As the industry continues to innovate with the highest quality video capture technologies, the nostalgic look and charming imperfections produced with classic analog cameras cannot be overlooked or easily replicated. While the image capabilities of modern digital cinema cameras are ideal for capturing 4K/UltraHD HDR video, some directors of photography (DPs) opt for classic VHS-C camcorders to create a highly stylized look, establish a time period or tone, or enhance visual storytelling.

A master at the art of storytelling through cinematography, DP Mihai Malaimare, ASC, first devised a process for integrating classic cameras into a fully digital workflow for the 2017 crime drama “November Criminals.” Capturing the film’s opening sequence with a VHS-C camera presented a range of challenges; although the sequence was filmed analog, the footage needed to be recorded digitally for dailies and seamlessly integrated into the production workflow. Furthermore, a video signal of the analog footage had to be routed to monitors on set for live review by the director and crew members.

Using a single cable hidden on the back of the camcorder, Malaimare routed the VHS-C signal to an AJA V2Digital™ analog to HD/SD-SDI digital video converter. Once the camera output was converted from analog to digital, the signal was recorded in 1080 24p and routed to a transmitter and the director’s monitor for live on set viewing. The voltage capabilities of the V2Digital allowed the crew to power the converter using a battery with enough power for half of the day. Malaimare shared, “I ran a test of the workflow, and everything was perfectly in sync, plus the post-production team was amazed. There’s no way you can replicate the look of a VHS-C without a workflow like this. Manipulation in post with filters won’t create the same artifacts, light streaks, or look of the lens, so nailing this workflow to capture it in camera was critical.”

For the 2022 sports drama “Winning Time: The Rise of the Lakers Dynasty,” Malaimare and Cinematographer Todd Banhazl, ASC, leveraged a similar production workflow to transport audiences to the 1980s. A V2Digital converter remained central to the workflow, they shot on analog Ikegami cameras using old lenses, and Panavision provided cages that worked with modern accessories, like remote focus. For sequences shot with analog cameras, Malaimare and Banhazl recorded interlaced video to double the perceived frame rate without using additional bandwidth.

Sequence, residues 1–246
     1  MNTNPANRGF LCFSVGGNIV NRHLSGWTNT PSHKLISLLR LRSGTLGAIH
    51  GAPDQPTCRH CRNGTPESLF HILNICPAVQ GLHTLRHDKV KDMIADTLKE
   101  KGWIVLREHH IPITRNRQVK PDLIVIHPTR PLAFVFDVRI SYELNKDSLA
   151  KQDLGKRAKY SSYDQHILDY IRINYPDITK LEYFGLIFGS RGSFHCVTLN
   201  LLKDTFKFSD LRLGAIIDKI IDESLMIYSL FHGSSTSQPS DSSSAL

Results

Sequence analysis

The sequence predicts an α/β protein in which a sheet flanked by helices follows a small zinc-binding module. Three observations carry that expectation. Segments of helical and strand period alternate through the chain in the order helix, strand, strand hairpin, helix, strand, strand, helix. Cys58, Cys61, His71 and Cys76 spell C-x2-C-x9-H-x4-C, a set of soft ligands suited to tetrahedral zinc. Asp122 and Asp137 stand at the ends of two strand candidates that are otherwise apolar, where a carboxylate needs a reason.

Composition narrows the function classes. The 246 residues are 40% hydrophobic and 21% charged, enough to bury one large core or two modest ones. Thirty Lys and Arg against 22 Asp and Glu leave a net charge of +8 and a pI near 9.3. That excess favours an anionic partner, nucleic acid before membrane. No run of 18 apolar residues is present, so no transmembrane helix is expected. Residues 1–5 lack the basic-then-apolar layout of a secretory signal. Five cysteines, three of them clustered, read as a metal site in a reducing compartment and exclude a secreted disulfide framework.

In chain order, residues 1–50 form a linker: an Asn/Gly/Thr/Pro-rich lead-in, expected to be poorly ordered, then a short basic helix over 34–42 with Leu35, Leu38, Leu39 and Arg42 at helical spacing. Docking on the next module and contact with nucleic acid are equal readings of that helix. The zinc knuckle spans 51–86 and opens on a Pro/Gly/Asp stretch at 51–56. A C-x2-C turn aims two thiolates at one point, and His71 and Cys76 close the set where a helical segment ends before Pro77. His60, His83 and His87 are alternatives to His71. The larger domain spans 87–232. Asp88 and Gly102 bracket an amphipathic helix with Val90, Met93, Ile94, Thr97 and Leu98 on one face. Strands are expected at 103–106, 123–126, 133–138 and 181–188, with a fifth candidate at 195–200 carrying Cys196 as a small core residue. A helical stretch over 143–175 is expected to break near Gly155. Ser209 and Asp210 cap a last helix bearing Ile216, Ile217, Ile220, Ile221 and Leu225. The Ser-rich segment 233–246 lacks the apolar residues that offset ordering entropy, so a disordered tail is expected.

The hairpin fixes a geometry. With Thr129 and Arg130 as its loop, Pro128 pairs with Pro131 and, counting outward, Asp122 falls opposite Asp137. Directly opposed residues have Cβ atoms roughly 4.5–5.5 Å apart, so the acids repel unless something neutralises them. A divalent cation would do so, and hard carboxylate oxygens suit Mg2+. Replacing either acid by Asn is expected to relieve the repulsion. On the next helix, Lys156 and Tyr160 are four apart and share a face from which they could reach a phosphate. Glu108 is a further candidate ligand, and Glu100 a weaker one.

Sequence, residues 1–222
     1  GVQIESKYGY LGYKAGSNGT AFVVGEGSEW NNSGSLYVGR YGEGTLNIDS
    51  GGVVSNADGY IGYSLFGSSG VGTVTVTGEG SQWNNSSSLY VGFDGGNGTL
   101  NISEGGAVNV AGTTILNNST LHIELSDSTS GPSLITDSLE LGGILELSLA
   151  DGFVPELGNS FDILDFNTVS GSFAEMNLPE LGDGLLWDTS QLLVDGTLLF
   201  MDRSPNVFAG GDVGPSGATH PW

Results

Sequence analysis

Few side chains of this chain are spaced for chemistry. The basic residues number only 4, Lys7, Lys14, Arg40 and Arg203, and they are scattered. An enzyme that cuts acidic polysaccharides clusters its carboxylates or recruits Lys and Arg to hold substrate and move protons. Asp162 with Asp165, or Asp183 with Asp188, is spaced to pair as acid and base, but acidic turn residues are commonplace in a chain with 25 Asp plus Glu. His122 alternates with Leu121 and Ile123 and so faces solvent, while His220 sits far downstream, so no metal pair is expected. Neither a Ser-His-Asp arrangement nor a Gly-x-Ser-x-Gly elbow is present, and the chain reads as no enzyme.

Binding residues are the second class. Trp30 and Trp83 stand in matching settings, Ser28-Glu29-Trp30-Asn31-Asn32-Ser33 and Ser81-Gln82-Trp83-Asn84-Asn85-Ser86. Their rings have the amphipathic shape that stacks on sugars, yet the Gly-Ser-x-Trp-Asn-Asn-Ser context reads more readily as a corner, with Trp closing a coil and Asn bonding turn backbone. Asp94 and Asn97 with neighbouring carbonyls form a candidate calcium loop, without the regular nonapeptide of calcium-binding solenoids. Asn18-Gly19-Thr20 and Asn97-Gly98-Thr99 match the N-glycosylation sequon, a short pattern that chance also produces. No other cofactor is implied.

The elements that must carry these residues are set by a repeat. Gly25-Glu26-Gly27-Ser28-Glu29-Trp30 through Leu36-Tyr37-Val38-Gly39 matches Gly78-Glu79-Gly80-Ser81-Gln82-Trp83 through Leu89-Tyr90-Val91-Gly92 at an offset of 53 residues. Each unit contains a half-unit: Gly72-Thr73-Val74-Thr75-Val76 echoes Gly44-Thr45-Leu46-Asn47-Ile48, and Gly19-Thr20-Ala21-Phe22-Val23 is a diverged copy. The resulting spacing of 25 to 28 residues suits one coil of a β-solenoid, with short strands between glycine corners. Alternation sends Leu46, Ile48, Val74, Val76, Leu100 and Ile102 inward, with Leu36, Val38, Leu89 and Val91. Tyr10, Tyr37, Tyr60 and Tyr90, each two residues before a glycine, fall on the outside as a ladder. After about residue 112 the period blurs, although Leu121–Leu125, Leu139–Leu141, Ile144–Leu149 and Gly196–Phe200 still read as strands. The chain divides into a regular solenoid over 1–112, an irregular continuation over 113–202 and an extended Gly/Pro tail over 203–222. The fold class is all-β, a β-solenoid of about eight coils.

Malaimare concluded, “Although modern lenses offer superior visual quality, the imperfections you get from filming with older cameras offer such a distinct look you just can’t recreate with all the modern technology in the world.”

For more information on Malaimare, visit: http://www.malaimarejr.com/.

About V2Digital

V2Digital is a high-quality, cost-effective analog to digital video converter that’s perfect for facilities needing to integrate signal types. V2Digital provides AJA’s high-quality 10-bit conversion of component or composite analog video to SDI at either SD or HD resolutions utilizing a full 10-bit data path and 2x oversampling to ensure a quality conversion all at an extraordinary price. V2Digital accepts YPbPr (SMPTE, EBU-N10), Betacam, or RGB component inputs or NTSC/PAL or Y/C (S-Video) composite inputs with a 4-line Adaptive Comb Filter providing high-quality decoding of composite sources. Configuration can be set by on unit DIP switches or remotely via AJA MiniConfig software control over USB. www.aja.com/products/v2digital

Gabriel Mays

AbelCine Director of Rental
As Director of Rental, Gabriel Mays oversees growth of Rental by nurturing business relationships and unifying the customer experience nationwide. In his previous role as the LA Rental Manager, Gabriel worked with producers, cinematographers, and assistant camera operators to provide the highest level of customer service possible. He also ensured that all their equipment needs are met on budget. Before coming to AbelCine in 2015, Gabriel previously worked as a Communications Instructor and Electronic Media Engineer at a private university. He taught various courses in electronic media, including film, broadcasting, and digital arts. Gabriel is an award-winning cinematographer, director, producer, and editor known for his innovative research and implementation of new film techniques. He was also one of the first to implement HDSLR cameras into filmmaking. He has been the cinematographer on dozens of independent films, documentaries, and music videos.